Gad Beck, a gay half-Jewish activist and freedom fighter, passed away in Berlin just days before turning 89.
Beck is thought by some to be the last gay Holocaust survivor. With a Jewish father and mother who converted to Judaism, Beck was considered a half-breed by the Nazis. In 1943, he and his father were taken against their will to a holding compound in Berlin until massive protests by non-Jewish wives convinced the Nazis to release the prisoners. Beck then joined an underground resistance movement and worked to save gay and Jewish Germans. In a heartbreaking turn, the young man tried to rescue his Jewish boyfriend, donning a Hitler youth uniform in an unsuccesful effort to free his lover from a holding camp. Beck's boyfriend, and the boyfriend's family, were carted off to Auschwitz and murdered.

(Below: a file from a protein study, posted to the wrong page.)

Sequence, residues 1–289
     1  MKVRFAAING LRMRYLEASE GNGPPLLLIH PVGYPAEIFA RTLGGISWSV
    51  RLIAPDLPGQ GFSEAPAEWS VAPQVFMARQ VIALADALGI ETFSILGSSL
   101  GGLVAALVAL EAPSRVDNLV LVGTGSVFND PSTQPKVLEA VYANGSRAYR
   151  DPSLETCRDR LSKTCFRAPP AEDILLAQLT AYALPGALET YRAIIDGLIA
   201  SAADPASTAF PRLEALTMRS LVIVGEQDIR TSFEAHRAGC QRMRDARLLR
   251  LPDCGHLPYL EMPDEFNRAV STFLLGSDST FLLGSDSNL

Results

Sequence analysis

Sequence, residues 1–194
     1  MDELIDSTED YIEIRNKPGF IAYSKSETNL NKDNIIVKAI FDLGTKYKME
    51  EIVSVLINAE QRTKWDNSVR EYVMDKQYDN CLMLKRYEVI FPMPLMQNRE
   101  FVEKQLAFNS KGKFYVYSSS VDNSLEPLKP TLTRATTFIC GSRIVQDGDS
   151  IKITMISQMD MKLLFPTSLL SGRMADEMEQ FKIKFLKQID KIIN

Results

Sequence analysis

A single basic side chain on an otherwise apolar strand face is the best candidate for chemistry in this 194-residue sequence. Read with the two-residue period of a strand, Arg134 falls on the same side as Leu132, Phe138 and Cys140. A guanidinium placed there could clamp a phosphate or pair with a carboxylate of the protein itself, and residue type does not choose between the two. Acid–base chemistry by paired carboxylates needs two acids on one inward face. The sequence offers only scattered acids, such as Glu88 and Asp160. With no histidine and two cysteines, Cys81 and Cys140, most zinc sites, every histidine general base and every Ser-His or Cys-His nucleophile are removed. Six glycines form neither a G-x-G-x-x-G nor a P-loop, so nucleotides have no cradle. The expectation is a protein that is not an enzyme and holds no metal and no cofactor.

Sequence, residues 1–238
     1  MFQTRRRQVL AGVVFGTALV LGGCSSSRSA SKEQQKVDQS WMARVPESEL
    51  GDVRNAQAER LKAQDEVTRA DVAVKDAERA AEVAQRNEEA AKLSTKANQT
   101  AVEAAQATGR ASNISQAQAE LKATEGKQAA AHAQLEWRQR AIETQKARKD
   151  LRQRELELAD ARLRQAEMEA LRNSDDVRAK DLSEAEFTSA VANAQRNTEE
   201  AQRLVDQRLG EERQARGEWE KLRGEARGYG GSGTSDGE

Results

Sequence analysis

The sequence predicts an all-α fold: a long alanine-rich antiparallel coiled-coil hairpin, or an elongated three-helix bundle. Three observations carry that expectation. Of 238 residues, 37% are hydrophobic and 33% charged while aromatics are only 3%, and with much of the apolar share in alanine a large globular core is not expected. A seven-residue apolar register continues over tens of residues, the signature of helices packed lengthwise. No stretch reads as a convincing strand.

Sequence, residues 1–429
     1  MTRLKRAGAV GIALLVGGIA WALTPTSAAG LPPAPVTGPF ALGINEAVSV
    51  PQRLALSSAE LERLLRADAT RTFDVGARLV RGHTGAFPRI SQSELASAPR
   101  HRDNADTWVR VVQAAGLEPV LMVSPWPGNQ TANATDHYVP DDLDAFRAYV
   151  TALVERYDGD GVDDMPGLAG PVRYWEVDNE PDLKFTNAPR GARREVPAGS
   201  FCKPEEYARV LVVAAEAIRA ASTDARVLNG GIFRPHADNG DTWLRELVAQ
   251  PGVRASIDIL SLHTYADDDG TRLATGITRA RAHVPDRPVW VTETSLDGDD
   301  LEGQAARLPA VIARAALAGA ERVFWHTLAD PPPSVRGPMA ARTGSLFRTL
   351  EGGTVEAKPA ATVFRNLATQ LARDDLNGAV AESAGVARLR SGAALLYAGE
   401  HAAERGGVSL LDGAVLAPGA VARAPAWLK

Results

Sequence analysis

Shortly before the end of World War II, Beck was betrayed by a Gestapo spy. He was taken to a holding camp, but freed when the Allies defeated the Nazis.
After the war, Beck would move to Israel, but return to Germany in 1979, where he became active in gay and Jewish life. His fascinating story was immortalized in the film The Life of Gad Beck and the documentary Paragraph 175. He is survived by Julius Laufer, his partner of 35 years. Read more about Beck here.